Saturday, March 14, 2015

My achin' back!

As much as life on the frontier was for the hale and hardy, it also took its toll on the settlers in the valley.

Indiana University professor Logan Esarey, in his 1918 history of Indiana, does a quick hit on 19th century medical science, far far away from the local hospital or clinic.

Long days of clearing fields, hunting for food or just building fences ... the sore back was probably the least of the Fairfield settler's complaints.

"In almost every household there was some old Hippo, broken either in body or spirit, or frequently both," Esarey writes.

"Ague, perhaps, had robbed him of the vitality necessary to compete in the hard struggle. He could name a dozen diseases working on him. From his ailments, he had constructed a science. His corns and his rheumatism warned him of approaching changes in the weather. The pale, red, setting sun foretold a disastrous plague, most probably smallpox or 'yaller' fever."

Even today in some rural climes, the locals claim the weather has an effect on their joints, and there's plenty of science to prove that weather changes have an effect on blood pressure and breathing.

Not that anybody in rural Indiana in 1820 paid much attention to that.

"The crackle of the burning backlog announced an approaching snowstorm. The thick corn shuck, the low-hung hornet's nest, the busy woodpeckers and squirrels were sure signs of a hard winter."

It would be a few more decades before the Farmer's Almanac made a profit from being almost as accurate. Old Hippo was the man to trust when it came to weather.

"In the art of forecasting he was the successor of the seers, soothsayers and astrologers, last and least harmful of all the parasitic train."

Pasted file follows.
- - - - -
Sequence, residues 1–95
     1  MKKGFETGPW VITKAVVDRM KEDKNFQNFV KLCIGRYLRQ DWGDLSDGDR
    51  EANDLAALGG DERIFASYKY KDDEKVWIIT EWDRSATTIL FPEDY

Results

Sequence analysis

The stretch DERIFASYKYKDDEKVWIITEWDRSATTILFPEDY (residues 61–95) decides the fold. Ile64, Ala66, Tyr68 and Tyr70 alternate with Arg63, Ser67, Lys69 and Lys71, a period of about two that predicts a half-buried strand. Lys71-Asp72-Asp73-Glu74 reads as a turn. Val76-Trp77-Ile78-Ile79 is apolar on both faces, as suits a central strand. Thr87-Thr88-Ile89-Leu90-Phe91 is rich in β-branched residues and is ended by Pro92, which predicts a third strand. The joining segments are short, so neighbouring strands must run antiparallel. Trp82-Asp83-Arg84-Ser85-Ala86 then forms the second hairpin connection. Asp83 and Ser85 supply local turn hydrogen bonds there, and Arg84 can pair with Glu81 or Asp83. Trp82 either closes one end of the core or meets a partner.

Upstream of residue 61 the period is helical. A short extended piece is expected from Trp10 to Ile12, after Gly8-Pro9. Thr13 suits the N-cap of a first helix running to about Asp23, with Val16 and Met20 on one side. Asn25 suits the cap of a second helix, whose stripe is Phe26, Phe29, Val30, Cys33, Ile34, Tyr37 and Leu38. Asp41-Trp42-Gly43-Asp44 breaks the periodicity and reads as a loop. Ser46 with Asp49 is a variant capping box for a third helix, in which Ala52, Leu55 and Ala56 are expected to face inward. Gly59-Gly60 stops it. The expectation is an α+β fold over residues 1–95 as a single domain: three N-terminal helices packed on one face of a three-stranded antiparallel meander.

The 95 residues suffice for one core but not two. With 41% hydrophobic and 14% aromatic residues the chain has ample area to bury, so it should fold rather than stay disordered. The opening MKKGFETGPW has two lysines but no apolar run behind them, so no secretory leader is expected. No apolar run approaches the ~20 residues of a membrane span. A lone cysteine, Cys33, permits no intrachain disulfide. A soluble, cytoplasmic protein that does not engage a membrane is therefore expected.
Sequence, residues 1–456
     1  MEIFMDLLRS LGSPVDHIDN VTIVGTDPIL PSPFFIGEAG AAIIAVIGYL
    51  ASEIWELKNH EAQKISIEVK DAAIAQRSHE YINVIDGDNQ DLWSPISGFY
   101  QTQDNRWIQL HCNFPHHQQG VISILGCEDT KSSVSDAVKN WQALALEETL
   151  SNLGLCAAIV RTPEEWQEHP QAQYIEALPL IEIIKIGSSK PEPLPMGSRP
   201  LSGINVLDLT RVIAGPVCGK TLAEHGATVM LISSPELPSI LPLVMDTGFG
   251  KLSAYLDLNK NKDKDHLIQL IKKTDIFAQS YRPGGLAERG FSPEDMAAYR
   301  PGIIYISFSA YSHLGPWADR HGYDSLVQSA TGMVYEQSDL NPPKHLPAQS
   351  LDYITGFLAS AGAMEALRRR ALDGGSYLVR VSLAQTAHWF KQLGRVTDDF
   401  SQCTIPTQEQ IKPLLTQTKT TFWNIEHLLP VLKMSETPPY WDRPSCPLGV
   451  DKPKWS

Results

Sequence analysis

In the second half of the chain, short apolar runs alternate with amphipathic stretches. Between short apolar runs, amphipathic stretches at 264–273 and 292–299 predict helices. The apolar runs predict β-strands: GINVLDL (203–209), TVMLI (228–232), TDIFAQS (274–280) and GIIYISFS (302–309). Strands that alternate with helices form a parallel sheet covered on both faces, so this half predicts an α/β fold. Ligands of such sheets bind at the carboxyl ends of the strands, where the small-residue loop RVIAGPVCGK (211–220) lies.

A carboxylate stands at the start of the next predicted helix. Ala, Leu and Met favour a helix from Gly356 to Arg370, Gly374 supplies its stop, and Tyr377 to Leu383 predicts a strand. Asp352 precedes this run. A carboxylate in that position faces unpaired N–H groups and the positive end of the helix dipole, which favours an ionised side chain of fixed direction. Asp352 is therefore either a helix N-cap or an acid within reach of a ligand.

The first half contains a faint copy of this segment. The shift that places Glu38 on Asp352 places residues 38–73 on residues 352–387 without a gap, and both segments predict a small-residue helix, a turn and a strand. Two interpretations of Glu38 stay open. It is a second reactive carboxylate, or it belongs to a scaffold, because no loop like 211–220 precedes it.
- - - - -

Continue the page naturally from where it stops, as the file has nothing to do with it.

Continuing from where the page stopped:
Science has usurped Hippo's throne, though traces of his reign still linger. "By his shrewd observations, his persistent guessings and "I told you so's" he gained a vast influence over the unscientific community. Hippo was also a medical man. His specialty was bitters."

In other words, if it doesn't kill you, it will make you well.

"On fine days he would potter around the premises gathering roots, leaves and bark and concocting his nostrums. At other times he ventured as far as the store or to some neighboring crone where he compared theories, observations and experiences in the interest of his compound science of prophecy and pharmacology.

So complete was his sway in this field that few homes could be found without its jug of bitters and so persistent has been that influence that few of us today are able to defend ourselves against the patent medicine fakers who cater to our inherited weakness."

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